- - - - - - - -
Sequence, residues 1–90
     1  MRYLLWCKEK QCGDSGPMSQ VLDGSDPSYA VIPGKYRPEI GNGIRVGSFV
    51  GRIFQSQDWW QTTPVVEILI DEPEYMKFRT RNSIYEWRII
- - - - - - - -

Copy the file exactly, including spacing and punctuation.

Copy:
Sequence, residues 1–90
     1  MRYLLWCKEK QCGDSGPMSQ VLDGSDPSYA VIPGKYRPEI GNGIRVGSFV
    51  GRIFQSQDWW QTTPVVEILI DEPEYMKFRT RNSIYEWRII